ISO 9660 Specification

ISO 9660 is a file system standard for optical media, such as CD-ROMs, DVDs, and Blu-ray Discs. It is a read-only file system, meaning that files cannot be created or modified on a disk that uses the ISO 9660 format. SO 9660 was first published in 1988 and has been revised several times since then. The current version is ISO 9660:2019.

ISO 9660 Specification
ISO 9660 Specification

1. History ISO 9660 Specification

ISO 9660 was first published in 1988. It was originally developed by the High Sierra Group, a consortium of computer manufacturers and software developers. The standard was adopted by the International Organization for Standardization (ISO) in 1989.

The ISO 9660 specification, officially titled “Information technology — Volume and file structure of CD-ROM for information interchange”, defines the file system layout and organization of data on CD-ROMs and other optical media. It was developed by the International Organization for Standardization (ISO) and published in 1988.

2. File System Features ISO 9660 Specification

  • Limited file names: File names are limited to 8 characters followed by a 3-character extension, similar to the DOS file naming convention.
  • Case insensitive: File names are case insensitive, meaning uppercase and lowercase versions of the same filename are considered the same.
  • Limited support for special characters: Only a limited set of special characters are allowed in file names.
  • Limited file attributes: Supports basic file attributes like read-only and hidden, but lacks more advanced attributes like creation date and owner.
  • Maximum file size: The maximum file size is limited to 4GB.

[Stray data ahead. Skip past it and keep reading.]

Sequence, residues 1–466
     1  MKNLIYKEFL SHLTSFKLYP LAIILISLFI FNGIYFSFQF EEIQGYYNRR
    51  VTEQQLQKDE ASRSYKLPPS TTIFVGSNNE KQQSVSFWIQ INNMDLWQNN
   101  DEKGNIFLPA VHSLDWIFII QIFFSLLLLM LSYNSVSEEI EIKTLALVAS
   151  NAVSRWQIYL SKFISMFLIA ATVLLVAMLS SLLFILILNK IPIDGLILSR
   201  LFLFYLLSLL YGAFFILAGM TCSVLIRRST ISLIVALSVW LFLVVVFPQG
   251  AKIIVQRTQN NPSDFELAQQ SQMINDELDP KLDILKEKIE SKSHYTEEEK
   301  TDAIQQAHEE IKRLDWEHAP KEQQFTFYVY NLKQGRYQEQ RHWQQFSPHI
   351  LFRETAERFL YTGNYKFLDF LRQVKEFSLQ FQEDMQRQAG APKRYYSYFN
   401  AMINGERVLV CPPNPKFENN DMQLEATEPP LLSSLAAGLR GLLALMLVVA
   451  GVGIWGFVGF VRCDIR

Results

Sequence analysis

3. Extensions and Variations ISO 9660 Specification

  • Rock Ridge Interchange Protocol (RRIP): Extends ISO 9660 with support for longer file names, case sensitivity, and additional file attributes.
  • Joliet Extension: Adds support for Unicode file names, allowing for easier interaction with non-English operating systems.
  • UDF (Universal Disk Format): A more modern file system format for optical media, offering greater flexibility and features compared to ISO 9660

4. Limitations ISO 9660 Specification

  • Limited features: Lack of support for advanced file system features compared to modern formats.
  • Performance limitations: Can be slower than other file system formats, especially for large files.
  • Restrictions on file names: Can be cumbersome for storing files with long or complex names.

Overall, ISO 9660 remains a relevant file system format for optical media due to its simplicity, platform independence, and wide support. However, for applications requiring advanced features or larger file sizes, newer formats like UDF are preferred.

5. Specification ISO 9660 

Specification ISO 9660
Specification ISO 9660

ISO 9660 specifies the following elements of an optical disc file system:

  • File names: File names are limited to 8 characters for the filename and 3 characters for the extension.
  • File sizes: File sizes are limited to 4 GB.
  • Directory structure: The directory structure is a simple tree structure with a root directory and subdirectories.
  • Data blocks: Files are stored in data blocks that are 2048 bytes in size.

6. Extensions ISO 9660 Specification

ISO 9660 has been extended by a number of standards, including:

  • Rock Ridge Interchange Protocol (RRIP): RRIP adds support for longer file names, long filenames, and extended attributes.
  • ISO 9660 Joliet: Joliet is a Unicode-compatible extension of ISO 9660 that allows for longer file names.
  • ISO 9660 Rock Ridge/Joliet: This extension combines the features of RRIP and Joliet.

ISO 9660 is the most common file system used for optical discs. It is used to store a wide variety of data, including operating systems, software applications, and multimedia files.

ISO 9660 is a simple and efficient file system that is well-suited for optical discs. It is a widely used standard that is supported by a variety of operating systems and software applications.

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